Janesville City Council to ignore fire station, spending petitions
JANESVILLE—Billy McCoy was fishing on a hot August afternoon when he learned Janesville's city attorney was urging the city council to ignore his petitions to control city spending and halt the proposed Milton Avenue fire station project.
He got a phone call with the news.
After that, the fish stopped biting.
“It was known the heat was on,” McCoy said. “The fish, they was heading for deeper water. When the heat is too warm, they run off.”
McCoy has tried to put the heat on the city with two direct legislation petitions.
One is a proposed charter ordinance that would require the city to get voter permission through referendum for all municipal capital projects that cost more than $2 million.
The other calls for delay of a $9 million fire station project the council approved out of close-session discussions. The petition calls for a delay until voters decide through a referendum whether the city should move ahead on the project.
But just like McCoy's fishing trip, nobody on the council is biting.
The council last month vowed in solidarity it wouldn't act on the petitions. Now, just a week before the council's state-imposed deadline to decide on the petitions, the agenda for Monday's city council meeting makes no mention of McCoy's petitions.
Council President DuWayne Severson said late last week that the council plans to do nothing with the petitions.
“There has been a decision, and I think it's been spelled out already by the council. We aren't going to place those items on a ballot for a referendum,” Severson said. “There was no vote taken (last month), but there was a consensus among the council and an understanding that we'd take no further action.”
City attorney Wald Klimczyk argues McCoy's petitions are invalid because they try to use an administrative hammer to trump the council's legislative authority, something he argues is illegal under state statutes that govern direct legislation.
Klimczyk argues the petitions seek to unlawfully reverse decisions made by an elected body whose job it is to craft and maintain city policy and make spending decisions.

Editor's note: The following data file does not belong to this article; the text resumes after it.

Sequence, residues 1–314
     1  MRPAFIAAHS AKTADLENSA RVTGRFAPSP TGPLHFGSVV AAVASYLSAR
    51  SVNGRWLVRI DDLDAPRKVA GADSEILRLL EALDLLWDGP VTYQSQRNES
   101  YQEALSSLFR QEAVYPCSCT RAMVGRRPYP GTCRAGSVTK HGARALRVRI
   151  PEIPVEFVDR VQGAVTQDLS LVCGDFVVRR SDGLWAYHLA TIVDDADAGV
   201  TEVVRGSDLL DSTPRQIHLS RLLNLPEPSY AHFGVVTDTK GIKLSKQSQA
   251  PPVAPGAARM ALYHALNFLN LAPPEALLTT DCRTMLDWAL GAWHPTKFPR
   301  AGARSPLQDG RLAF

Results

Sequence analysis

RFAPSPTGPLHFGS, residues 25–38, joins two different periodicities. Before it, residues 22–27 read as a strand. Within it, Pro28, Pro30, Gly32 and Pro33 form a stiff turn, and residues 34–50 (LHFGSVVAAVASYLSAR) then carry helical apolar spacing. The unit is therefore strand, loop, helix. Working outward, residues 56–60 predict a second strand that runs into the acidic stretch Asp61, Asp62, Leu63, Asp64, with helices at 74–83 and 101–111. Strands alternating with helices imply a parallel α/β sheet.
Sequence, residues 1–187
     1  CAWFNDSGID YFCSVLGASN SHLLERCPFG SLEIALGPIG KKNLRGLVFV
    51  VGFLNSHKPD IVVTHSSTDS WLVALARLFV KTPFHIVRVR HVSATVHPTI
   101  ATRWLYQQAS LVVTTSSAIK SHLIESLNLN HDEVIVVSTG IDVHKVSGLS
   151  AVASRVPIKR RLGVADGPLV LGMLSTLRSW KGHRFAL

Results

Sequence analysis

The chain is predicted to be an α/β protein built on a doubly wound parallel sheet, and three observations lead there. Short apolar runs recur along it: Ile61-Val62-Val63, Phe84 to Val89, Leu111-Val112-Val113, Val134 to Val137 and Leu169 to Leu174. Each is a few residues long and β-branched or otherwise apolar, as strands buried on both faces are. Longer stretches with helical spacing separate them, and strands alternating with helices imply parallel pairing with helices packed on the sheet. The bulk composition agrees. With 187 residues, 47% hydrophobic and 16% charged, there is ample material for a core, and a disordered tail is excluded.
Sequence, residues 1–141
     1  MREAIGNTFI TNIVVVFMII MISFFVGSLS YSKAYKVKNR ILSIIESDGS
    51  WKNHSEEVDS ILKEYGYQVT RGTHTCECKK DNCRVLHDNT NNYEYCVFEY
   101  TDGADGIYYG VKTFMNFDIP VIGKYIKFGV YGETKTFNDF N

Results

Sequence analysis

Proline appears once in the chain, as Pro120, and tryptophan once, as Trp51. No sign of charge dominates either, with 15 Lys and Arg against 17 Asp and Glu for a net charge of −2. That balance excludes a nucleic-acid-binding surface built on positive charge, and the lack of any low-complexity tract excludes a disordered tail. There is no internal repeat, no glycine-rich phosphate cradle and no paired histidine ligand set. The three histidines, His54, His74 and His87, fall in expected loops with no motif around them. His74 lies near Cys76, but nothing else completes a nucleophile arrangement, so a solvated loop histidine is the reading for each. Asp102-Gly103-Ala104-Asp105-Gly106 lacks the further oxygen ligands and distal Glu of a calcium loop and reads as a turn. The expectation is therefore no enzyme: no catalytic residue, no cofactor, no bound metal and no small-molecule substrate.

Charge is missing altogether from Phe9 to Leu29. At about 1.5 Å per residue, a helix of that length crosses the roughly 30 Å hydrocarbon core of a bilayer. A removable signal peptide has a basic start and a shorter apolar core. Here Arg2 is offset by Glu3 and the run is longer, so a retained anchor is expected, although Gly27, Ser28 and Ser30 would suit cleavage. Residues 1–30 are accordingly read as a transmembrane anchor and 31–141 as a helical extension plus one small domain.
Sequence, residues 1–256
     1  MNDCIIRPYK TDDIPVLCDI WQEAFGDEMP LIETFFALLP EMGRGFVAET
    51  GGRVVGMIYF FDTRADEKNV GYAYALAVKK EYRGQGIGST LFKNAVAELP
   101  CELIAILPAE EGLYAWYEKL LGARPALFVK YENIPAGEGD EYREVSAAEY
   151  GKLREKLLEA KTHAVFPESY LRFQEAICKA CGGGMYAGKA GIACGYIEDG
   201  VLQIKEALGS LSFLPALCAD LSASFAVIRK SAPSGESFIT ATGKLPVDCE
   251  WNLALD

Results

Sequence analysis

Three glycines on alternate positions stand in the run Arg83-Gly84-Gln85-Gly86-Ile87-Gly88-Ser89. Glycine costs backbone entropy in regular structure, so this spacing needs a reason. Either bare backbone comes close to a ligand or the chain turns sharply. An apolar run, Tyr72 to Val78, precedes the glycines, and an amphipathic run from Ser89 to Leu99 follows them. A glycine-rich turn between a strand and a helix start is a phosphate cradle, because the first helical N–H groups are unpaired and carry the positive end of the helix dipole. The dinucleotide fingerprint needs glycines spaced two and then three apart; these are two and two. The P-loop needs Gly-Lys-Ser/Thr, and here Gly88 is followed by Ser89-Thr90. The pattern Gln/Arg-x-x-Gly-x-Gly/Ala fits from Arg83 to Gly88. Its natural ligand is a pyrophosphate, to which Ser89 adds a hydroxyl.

Klimczyk's opinion appears to fly in the face of a 2003 state Supreme Court ruling that upheld a citizen petition for a $1 million, referendum-based spending cap in the village of Mount Horeb. That petition is similar in wording to McCoy's spending-cap petition.
The village of Mount Horeb fought the petition but ultimately enacted it as policy after the Supreme Court upheld the petition was lawful under the state's direct legislation statutes. Klimczyk's legal opinion rests in part on a legal argument an attorney used while representing the village of Mount Horeb in its failed fight against the spending-cap petition.
McCoy clings to an argument that his petitions are written with clauses that would legally force them onto an election ballot as a pair of referendums if the council fails to act on them.
But in order for a direct legislation petition to appear on a ballot, it must be approved for submission by a city council resolution and sent to the city clerk's office, who would formalize it and forward it to the county clerk's office for placement on a ballot, County Clerk Lori Stottler said.
Unless the council has a change of heart, which appears unlikely, it could take a lawsuit by McCoy or another group to keep the petitions out of the trashcan at City Hall.
McCoy said he's in the process of filing a complaint through the state Government Accountability Board to try to spur the city council to act on the petitions, and he said he's in talks with attorneys in case the council ignores the petitions.
“We'd probably have to end up asking the citizens for money to fight City Hall and take Wald Klimczyk to court,” McCoy said late last week. “I'm hoping the council will reconsider, put both of them (the petitions) on a voter referendum and stop all procedures with the fire station. It'd be in their best interest.”
It's a standoff that in recent days has left council members sputtering in frustration, mainly because of McCoy's $2 million spending-cap petition. Council members argue it would hobble the city fiscally in carrying out services, infrastructure work and facility projects and would cripple the city's ability to attract private development.
In an impassioned speech in council chambers last month, council member Doug Marklein lambasted McCoy's spending cap petition, saying it would “cut the city and the council off at the balls.”
FORCE OF LAW
McCoy said the petitions, which he began circulating earlier this year, were a reaction to public “mistrust” after the city council and other city officials used closed-session discussions when deciding to build a new central fire station. The city has closed on all but one of 12 homes in the footprint of the new station and plans to tear them down.
“If you look right down through all of this, to the brass knuckles, what the council's saying is, 'We don't care what you'd vote for, and we could care less about you.' If that's not intimidation, what is?” McCoy said.